Toss a coin (or a Netflix Subscription)
Movies adapted from video games have always had a tendency to misunderstand the appeal of the source material and horribly botch most of its qualities (with very few notable exceptions). Thankfully that’s not a curse that seems to plague Netflix TV shows. Coming off of both the critical success of Castlevania and the critical embarrassment of Death Note, fans of The Witcher series of games were right to be both excited and wary.
Thankfully, Netflix’s The Witcher manages to meet, and in some cases surpass, fans’ expectations. First off, Henry Cavill’s performance as Geralt of Rivia (the series’ main character) captures his uncanny charisma, quiet personality, and imposing presence in a way that makes up for most of the reason I watched the series. Cavill has been a fan of the series for a while and it shows in every intonation and movement he makes.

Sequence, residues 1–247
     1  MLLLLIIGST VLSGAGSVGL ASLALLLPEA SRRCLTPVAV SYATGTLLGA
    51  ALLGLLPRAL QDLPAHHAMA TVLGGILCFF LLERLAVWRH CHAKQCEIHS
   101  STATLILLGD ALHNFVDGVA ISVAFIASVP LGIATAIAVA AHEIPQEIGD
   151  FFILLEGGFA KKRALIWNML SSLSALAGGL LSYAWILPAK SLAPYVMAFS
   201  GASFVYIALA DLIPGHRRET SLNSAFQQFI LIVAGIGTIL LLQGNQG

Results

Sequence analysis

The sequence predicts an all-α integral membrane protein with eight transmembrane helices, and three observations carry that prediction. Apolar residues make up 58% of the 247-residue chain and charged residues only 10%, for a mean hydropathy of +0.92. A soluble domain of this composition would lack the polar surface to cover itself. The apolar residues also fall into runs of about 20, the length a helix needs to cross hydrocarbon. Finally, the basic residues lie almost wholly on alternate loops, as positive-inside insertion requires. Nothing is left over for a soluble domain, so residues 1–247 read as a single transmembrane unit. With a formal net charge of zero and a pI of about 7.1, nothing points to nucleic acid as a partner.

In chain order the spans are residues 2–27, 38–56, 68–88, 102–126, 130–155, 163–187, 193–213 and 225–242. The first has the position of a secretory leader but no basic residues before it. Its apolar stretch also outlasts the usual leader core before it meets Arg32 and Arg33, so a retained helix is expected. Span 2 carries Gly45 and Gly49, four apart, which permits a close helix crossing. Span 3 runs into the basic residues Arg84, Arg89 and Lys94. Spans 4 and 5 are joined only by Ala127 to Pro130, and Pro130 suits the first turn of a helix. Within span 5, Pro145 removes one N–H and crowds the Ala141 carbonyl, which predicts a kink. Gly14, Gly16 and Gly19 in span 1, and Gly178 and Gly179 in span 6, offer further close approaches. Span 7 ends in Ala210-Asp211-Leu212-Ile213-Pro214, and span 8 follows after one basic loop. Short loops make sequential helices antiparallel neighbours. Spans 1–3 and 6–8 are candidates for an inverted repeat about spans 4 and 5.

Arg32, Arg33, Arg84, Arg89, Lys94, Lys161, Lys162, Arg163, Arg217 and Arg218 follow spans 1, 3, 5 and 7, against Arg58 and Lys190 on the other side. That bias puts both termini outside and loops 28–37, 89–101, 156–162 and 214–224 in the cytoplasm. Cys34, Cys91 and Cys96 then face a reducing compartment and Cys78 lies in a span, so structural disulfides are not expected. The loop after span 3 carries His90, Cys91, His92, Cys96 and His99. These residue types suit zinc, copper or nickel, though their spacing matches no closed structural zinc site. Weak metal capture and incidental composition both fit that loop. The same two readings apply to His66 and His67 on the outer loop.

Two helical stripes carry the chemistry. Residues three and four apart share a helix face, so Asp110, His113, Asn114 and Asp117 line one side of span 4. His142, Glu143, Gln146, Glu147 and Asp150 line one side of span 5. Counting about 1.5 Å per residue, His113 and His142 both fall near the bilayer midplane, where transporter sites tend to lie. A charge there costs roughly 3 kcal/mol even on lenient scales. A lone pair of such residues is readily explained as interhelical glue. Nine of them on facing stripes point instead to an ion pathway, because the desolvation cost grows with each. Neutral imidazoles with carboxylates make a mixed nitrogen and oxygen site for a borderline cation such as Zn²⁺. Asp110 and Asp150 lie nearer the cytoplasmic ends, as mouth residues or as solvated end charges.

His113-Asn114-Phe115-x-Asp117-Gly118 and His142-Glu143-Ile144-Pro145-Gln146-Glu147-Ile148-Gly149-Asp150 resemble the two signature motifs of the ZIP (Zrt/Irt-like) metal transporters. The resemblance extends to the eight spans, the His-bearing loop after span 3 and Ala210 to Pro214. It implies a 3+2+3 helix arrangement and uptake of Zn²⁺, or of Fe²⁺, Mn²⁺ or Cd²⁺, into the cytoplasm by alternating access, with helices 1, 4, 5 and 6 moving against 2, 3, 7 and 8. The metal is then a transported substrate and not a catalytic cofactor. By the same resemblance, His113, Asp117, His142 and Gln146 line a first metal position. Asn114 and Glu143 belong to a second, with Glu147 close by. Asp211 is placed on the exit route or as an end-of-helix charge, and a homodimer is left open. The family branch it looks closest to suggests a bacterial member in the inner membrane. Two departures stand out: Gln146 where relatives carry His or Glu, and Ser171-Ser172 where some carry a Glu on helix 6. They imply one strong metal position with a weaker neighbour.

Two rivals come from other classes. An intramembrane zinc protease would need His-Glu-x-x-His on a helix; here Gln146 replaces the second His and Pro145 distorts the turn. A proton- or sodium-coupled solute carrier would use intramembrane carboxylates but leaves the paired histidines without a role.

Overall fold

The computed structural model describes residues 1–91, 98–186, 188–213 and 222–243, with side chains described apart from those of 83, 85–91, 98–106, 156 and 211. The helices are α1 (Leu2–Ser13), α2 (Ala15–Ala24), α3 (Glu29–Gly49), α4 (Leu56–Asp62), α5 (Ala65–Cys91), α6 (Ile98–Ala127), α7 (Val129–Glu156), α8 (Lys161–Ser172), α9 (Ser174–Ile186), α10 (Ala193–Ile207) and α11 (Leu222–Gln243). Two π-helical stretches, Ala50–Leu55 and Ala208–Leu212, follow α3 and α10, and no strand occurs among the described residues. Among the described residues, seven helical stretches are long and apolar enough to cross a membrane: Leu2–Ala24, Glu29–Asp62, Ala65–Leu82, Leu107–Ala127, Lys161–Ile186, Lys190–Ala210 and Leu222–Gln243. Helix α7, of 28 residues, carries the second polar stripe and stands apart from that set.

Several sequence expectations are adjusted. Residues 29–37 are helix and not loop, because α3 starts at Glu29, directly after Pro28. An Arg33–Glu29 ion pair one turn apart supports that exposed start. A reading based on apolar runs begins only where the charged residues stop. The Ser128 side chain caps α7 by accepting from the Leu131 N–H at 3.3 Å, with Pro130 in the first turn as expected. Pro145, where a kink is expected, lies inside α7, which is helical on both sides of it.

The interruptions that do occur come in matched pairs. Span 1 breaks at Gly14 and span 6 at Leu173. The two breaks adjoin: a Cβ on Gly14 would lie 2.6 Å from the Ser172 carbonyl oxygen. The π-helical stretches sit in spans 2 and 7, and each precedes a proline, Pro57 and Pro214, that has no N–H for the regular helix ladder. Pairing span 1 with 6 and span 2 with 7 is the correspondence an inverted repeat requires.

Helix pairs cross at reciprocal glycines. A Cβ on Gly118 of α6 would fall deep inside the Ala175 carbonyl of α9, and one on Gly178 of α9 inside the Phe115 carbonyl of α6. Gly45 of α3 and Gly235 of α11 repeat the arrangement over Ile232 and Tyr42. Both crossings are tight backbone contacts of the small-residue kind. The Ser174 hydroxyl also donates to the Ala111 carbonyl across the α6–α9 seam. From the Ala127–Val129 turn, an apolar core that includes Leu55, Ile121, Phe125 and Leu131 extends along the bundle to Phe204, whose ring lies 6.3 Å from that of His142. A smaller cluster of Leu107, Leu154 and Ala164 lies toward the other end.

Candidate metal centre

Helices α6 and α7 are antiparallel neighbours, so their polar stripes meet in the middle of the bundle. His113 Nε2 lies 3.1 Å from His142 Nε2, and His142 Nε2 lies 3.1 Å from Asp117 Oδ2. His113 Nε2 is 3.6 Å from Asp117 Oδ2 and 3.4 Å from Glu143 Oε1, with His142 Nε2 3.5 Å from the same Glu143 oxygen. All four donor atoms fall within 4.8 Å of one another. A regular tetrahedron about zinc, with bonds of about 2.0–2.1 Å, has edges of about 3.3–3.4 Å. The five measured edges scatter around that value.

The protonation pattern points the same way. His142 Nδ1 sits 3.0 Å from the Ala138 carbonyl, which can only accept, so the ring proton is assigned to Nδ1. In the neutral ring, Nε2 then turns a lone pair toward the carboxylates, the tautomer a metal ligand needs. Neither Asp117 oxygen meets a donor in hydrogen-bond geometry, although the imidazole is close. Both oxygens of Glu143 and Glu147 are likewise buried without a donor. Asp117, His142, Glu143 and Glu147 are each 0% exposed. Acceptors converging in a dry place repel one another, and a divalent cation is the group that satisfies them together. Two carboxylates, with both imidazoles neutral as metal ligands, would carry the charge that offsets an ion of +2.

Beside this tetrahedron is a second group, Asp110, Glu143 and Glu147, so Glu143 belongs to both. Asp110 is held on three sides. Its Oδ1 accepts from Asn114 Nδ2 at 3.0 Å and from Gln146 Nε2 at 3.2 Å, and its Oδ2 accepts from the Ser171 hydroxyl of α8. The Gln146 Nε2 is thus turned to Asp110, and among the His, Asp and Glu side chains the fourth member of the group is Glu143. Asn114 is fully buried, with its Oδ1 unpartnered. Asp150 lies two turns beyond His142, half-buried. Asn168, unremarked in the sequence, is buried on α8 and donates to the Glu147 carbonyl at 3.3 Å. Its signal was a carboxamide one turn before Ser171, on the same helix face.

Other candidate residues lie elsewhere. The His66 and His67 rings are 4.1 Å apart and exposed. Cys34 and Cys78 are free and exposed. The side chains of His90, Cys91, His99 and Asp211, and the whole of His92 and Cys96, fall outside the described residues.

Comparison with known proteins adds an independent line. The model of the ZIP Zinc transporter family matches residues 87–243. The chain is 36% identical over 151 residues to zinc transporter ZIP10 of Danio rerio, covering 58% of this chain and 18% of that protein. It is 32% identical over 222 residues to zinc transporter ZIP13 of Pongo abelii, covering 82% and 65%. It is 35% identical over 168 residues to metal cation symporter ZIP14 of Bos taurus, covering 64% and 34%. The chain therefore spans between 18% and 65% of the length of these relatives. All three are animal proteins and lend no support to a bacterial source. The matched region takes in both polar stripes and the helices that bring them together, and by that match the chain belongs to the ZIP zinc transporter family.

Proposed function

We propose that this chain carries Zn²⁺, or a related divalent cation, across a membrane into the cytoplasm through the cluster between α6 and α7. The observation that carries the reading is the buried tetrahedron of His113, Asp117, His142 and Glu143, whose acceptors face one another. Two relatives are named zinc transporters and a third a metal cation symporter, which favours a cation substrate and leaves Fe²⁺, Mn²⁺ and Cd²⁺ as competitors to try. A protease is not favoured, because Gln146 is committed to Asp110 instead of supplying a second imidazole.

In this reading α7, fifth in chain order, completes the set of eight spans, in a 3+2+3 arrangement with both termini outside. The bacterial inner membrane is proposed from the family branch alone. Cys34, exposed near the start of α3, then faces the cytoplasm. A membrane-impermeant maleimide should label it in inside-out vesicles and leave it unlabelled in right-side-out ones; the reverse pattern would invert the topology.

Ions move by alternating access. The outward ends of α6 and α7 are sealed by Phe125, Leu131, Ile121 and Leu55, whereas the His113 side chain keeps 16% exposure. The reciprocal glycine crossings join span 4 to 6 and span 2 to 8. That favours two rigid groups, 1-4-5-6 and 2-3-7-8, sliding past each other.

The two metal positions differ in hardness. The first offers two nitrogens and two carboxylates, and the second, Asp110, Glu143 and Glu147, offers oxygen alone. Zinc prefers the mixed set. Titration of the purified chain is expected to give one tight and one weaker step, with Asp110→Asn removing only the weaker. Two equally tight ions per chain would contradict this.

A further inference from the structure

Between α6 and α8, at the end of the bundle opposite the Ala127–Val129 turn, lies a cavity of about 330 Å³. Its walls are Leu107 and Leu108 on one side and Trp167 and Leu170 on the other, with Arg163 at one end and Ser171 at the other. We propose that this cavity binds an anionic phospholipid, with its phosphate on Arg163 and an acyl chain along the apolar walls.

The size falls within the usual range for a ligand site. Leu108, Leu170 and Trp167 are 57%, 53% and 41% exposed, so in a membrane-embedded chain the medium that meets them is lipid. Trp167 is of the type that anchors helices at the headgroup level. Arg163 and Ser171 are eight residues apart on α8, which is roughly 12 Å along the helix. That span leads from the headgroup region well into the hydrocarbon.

Despite hearing great things from those around me, I had not played or seen a single The Witcher game before watching the series. All I knew was that the story followed a mercenary monster hunter in a dark fantasy setting, and it’s all that’s really needed to get into the show. Though it has many winks and nods to the games or books that I later noticed, The Witcher never expects you to have any prior knowledge.
The show has engaging performances, mostly impressive special effects, and undeniably visceral action scenes, but if there is a problem to point out it’s the storytelling. The Witcher has a captivating story that kept me hooked, but it’s told in three separate timelines that slowly come together over the course of its 8 episodes, something that is never clearly explained.
Thankfully the second season promises to stay streamlined in a joined timeline, so hopefully it’ll only get better from here.
Originally Published in Bandersnatch Vol.49 Issue 08 on January 29th, 2020